Percy is often, as you were saying earlier, de-familiarized with her own body and finding herself in situations where she doesn't recognize herself, but then there's this incredibly lucid moment in the book where she talks at her fiance for pages and pages. I'd love to hear what your thinking was in including a monologue like that.
I wanted the book to have different textures and different stylistic textures. I was attracted to the formal challenge of that. And this section that you're talking about, the sort of second part of the book, is technically told orally. I think it has a bit of a stylistic shift from the first and third parts of the book. I think this can be an unsettling book in many ways. I think it has a kind of darkness to it. But I also like to think it has some comedy. And I wanted to build in different styles in books. And I was also attracted to the kind of structural joke of someone saying, "Look, just give me five minutes." And then going on for ages instead. And I thought there was something lighthearted or amusing and also very much in character for Percy. I think the most important kind of structural reasons behind that choice come down to Percy being someone who is not very in touch with her past, is not thinking about herself, especially historically, for a large part of the book. In this second section, we get her origin story. I was thinking of that as another play on the idea of the exhibition. On the one hand, Percy appears in these photographs. But then her narrating her own past, her kind of narration of who that woman in the photograph is, is maybe a different way of manifesting a kind of exhibition in the book. I was interested in how we better understand her, especially towards at the very end if we spend the greater portion of the book with Percy not knowing much about her past, then suddenly get in this story and having more of a synthesis of understanding better who she is, how she's responded to the events in the novel by the end.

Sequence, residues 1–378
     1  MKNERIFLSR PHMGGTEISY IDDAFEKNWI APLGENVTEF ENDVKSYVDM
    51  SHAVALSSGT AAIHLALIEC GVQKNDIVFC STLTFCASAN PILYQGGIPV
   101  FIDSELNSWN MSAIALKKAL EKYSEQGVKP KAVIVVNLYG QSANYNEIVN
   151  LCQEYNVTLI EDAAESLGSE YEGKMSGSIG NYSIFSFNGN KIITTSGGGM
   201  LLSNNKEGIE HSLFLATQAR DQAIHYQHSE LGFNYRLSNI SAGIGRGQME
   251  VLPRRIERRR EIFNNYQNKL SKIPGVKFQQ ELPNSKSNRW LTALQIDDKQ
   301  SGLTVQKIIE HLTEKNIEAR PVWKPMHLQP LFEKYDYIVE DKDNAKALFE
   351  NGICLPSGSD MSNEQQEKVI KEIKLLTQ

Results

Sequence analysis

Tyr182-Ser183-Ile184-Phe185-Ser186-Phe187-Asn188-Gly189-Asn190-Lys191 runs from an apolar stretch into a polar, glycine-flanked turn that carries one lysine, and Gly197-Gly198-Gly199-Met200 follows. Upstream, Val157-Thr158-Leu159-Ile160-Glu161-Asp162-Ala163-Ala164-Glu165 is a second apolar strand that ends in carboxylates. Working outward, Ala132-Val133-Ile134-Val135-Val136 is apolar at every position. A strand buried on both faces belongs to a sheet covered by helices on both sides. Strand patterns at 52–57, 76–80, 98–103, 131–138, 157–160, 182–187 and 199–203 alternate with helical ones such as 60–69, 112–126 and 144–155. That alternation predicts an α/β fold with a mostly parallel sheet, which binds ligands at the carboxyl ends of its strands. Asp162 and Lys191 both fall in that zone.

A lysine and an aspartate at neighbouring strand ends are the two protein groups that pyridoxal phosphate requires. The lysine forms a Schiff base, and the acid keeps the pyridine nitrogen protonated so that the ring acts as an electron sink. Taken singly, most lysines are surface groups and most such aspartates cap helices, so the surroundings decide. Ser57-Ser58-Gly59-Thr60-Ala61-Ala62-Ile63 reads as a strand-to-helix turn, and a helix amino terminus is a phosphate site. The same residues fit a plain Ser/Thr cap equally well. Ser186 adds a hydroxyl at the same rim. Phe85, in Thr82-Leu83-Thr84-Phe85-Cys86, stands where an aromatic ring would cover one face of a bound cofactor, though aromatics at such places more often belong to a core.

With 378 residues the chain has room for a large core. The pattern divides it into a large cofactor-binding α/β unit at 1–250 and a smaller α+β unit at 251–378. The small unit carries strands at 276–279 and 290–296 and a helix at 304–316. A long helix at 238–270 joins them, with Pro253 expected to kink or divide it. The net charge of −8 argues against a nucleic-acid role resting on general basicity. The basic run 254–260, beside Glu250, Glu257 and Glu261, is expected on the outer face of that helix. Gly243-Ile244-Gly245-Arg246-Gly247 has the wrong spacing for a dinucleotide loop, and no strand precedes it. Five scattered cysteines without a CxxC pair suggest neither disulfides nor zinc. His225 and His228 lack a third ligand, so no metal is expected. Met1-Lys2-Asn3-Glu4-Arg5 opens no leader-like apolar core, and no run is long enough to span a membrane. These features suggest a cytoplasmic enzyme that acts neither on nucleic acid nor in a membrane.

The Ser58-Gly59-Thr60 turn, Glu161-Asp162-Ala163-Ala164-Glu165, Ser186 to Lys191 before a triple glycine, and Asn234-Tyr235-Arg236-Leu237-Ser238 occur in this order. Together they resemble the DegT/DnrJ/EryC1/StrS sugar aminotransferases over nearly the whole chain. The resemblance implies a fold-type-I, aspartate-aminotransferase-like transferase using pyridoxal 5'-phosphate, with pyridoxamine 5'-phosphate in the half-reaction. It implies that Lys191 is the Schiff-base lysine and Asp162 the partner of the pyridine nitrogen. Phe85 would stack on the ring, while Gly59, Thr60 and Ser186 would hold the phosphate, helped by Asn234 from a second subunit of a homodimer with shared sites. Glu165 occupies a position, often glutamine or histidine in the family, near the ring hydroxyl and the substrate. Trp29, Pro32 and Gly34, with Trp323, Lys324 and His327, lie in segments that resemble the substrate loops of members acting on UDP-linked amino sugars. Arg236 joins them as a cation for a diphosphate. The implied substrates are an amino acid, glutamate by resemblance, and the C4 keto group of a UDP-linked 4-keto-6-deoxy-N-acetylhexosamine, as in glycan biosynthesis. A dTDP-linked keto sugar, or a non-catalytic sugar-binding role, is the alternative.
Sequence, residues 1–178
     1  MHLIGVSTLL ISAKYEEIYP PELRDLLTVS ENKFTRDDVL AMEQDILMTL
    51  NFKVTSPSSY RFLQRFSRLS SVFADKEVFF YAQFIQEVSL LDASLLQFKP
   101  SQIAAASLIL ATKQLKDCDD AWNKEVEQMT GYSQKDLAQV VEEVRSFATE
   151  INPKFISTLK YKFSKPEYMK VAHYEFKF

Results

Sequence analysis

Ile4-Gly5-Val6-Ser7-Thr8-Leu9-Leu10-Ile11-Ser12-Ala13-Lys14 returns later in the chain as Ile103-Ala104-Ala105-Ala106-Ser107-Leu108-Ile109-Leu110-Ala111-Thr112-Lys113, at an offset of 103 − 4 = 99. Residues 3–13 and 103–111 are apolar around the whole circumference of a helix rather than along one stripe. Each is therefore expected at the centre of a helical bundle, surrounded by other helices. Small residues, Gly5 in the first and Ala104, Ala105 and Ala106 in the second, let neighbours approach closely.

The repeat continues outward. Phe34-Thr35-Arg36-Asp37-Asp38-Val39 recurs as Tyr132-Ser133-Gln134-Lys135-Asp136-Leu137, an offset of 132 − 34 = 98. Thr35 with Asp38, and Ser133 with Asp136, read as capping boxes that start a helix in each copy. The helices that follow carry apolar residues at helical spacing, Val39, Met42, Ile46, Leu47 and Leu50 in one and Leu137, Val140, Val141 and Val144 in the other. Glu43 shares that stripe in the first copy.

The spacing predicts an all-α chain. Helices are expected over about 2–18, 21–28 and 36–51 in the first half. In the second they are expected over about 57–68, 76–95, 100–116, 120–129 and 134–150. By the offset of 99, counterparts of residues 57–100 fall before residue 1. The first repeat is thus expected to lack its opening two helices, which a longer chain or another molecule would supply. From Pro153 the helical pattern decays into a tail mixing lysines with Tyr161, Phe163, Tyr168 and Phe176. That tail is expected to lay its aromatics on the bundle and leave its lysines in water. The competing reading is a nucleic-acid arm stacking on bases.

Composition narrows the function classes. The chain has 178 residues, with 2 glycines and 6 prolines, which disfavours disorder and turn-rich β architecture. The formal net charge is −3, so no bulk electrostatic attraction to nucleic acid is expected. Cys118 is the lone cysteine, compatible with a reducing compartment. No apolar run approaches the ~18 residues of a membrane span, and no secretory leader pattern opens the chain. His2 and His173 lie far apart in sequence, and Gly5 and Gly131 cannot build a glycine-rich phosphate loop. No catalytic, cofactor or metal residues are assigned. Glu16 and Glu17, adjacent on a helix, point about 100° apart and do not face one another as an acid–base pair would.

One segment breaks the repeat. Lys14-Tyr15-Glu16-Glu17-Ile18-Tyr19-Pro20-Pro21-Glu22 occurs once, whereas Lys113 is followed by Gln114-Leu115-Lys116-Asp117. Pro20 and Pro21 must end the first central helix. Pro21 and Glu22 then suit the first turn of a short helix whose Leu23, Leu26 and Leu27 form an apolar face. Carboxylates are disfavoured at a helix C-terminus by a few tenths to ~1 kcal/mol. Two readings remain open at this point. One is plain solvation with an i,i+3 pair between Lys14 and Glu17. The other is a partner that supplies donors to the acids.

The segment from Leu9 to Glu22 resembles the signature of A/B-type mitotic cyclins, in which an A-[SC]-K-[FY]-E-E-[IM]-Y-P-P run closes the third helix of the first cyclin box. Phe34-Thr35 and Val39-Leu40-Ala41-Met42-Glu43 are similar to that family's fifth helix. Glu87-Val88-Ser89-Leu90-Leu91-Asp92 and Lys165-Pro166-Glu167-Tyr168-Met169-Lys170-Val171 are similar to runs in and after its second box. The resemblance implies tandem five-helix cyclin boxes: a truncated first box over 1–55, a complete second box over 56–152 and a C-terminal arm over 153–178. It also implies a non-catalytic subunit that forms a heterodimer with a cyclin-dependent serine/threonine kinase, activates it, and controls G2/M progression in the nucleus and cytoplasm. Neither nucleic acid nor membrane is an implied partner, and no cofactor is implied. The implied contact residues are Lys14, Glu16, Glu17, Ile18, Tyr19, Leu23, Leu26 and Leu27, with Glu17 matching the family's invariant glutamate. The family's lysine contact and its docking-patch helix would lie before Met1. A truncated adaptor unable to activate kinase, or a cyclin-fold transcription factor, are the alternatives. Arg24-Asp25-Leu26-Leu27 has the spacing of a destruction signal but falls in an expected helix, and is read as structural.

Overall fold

Your book grapples with this idea of surveillance, between what Misha is doing his research on and the experience Percy has of people looking at her alleged body in the gallery. I wanted to ask you about the notion of surveillance both as a clearly of a moment sort of thing in response to 2016, what was happening historically at that time, and through experiences of being a woman and having a body.